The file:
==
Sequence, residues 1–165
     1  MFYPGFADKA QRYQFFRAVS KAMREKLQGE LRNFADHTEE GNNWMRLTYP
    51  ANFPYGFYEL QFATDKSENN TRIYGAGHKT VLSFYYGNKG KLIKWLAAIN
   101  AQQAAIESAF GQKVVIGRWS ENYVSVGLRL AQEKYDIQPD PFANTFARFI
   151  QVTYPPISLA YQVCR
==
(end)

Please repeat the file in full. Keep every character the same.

Sequence, residues 1–165
     1  MFYPGFADKA QRYQFFRAVS KAMREKLQGE LRNFADHTEE GNNWMRLTYP
    51  ANFPYGFYEL QFATDKSENN TRIYGAGHKT VLSFYYGNKG KLIKWLAAIN
   101  AQQAAIESAF GQKVVIGRWS ENYVSVGLRL AQEKYDIQPD PFANTFARFI
   151  QVTYPPISLA YQVCR